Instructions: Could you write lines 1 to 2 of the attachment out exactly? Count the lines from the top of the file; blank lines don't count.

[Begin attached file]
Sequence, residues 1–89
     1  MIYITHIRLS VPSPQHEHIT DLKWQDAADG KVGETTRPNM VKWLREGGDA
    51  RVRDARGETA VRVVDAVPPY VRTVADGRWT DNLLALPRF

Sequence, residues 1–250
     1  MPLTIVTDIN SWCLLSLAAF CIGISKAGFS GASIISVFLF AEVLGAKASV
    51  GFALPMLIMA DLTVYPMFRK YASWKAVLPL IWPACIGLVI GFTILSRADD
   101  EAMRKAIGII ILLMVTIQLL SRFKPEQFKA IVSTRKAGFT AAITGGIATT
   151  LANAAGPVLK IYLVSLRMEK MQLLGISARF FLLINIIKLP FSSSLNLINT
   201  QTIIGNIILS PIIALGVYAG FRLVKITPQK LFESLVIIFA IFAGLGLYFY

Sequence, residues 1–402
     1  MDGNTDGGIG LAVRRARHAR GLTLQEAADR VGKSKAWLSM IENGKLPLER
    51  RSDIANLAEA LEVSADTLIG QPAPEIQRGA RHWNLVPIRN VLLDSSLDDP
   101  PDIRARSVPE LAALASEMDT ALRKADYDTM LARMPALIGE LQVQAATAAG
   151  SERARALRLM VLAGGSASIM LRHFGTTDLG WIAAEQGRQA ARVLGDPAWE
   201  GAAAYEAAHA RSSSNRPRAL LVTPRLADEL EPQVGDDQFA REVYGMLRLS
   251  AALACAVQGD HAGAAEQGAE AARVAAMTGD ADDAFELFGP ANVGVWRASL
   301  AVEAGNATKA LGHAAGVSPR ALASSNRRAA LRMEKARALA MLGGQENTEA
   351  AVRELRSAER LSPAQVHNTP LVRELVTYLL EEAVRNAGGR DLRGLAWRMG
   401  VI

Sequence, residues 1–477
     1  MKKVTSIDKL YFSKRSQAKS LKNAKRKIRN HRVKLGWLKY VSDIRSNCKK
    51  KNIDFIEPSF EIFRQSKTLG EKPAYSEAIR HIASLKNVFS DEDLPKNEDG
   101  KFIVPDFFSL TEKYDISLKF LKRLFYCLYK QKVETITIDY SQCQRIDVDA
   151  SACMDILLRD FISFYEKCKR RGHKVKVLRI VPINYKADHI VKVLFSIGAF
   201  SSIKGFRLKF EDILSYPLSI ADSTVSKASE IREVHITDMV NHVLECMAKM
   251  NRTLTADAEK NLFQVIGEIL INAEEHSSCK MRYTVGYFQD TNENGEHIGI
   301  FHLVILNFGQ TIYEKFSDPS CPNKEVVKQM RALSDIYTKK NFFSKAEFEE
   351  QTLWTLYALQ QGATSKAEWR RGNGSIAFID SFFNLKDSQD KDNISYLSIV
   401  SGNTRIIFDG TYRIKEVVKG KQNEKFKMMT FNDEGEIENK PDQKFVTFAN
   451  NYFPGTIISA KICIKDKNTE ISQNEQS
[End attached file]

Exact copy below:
Sequence, residues 1–89
     1  MIYITHIRLS VPSPQHEHIT DLKWQDAADG KVGETTRPNM VKWLREGGDA